Epidemiology of Perpetration Patterns Essay

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Epidemiological data on perpetration of interpersonal violence are useful in understanding the extent of the problem and whether perpetration rates vary by age, gender, ethnicity, and socioeconomic status. However, perpetration rates do not provide a complete picture of interpersonal violence rates, largely because they are almost exclusively based on arrest records or self-report surveys. Arrest records rely on accurate reporting of violent incidents and uniform arrest policies across demographic groups and community settings. Yet, many violent acts are not reported, and arrest policies may vary considerably by gender, ethnicity, and community setting. For instance, an overrepresentation of a particular ethnic group in perpetration of a specific type of interpersonal violence could reflect a true difference in perpetration or a bias in arrest of individuals from that ethnic group. Self-report surveys, although less likely to reflect underreporting or bias than arrest data, are also limited by characteristics of the sample selected, the lack of a regular survey methodology (such as a national interpersonal violence perpetration survey), and possible inaccuracies in self-report. Accordingly, it is important to supplement perpetration data with other sources of information, such as victimization surveys, in order to provide the best estimate of actual rates.

There are also many different types of interpersonal violence and an assortment of agencies tasked with reporting perpetration rates for one or more types of interpersonal violence. There is no single repository of perpetration data for all types of interpersonal violence. In the United States, the most comprehensive source of information on arrests for certain interpersonal violence criminal offense categories is the Uniform Crime Reporting (UCR) Program, administered by the Federal Bureau of Investigation (FBI) since 1930 and based on monthly reports from nearly 17,000 state and local agencies. Four types of offenses that would be considered interpersonal violence are reported: murder and non-negligent manslaughter, forcible rape, robbery, and aggravated assault. Offense data are provided separately for males and females and by age group, but data on ethnicity are limited to race, and data on socioeconomic status of offenders are not provided. However, studies that have examined the geographic distribution of interpersonal violence, particularly UCR offenses, suggest that crime rates are higher in lower-income and inner-city communities.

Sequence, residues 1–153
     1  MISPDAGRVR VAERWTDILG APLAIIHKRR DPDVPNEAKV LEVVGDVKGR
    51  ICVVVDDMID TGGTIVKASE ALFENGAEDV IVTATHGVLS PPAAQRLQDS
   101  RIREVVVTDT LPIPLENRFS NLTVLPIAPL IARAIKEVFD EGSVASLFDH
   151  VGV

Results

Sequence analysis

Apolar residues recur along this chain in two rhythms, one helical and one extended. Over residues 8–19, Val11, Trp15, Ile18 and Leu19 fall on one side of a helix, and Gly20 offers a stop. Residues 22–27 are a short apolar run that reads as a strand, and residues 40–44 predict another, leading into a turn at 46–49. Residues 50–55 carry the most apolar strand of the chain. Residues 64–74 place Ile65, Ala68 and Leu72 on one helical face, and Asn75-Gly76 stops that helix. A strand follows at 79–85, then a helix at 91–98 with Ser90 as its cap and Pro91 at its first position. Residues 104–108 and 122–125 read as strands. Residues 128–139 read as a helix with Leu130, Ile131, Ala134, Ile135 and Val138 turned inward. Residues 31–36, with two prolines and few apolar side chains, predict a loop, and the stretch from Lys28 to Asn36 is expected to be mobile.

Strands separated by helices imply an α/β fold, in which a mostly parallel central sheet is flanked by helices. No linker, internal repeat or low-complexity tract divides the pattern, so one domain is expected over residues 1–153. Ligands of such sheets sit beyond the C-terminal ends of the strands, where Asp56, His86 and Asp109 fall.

The UCR must be supplemented by other sources of information for forms of interpersonal violence perpetration not specifically addressed. Two additional types of interpersonal violence of major concern (and linked to age of victims) are child maltreatment and elder abuse. Most child maltreatment perpetration data in the United States are provided annually by the Department of Health and Human Services, Administration for Children and Families (ACF). However, data for elder abuse (and other types of interpersonal violence, such as violence in the workplace and intimate partner violence perpetration) often rely on surveys or estimates from various sources of information that are not always available annually or for the most recent year.

Murder and Non-Negligent Manslaughter

The UCR defines murder and non-negligent manslaughter as one human being killing another in a manner that is willful and non-negligent. Incidents that fall into this category in the UCR are determined by police investigation rather than by medical examiners and/or a judge or jury. For 2004, the UCR reported a total of 15,935 incidents of murder and non-negligent manslaughter in the United States. Of these, approximately 13% were perpetrated by youth 13 to 19 years old, 17% were perpetrated by younger adults 20 to 24 years old, and 17% were committed by individuals 25 to 34 years old. Rates decline steadily after age 35. There are also significant gender and ethnicity differences in perpetration rates. In 2004, 64% of these crimes were perpetrated by males, 7% were perpetrated by females, and the remaining 29% were classified as perpetrated by individuals of “unknown” gender. Looking at ethnic/racial breakdowns reported in the UCR, Whites committed approximately 51% of all incidents of murder and non-negligent manslaughter, Blacks committed 47% of these crimes, and American Indians/Alaskan Natives and Asians or Pacific Islanders each committed 1%. Whites committed more murder and non-negligent manslaughter in terms of numbers of offenses than other ethnic groups, but Blacks were overrepresented relative to their percentage in the overall U.S. population.

Forcible Rape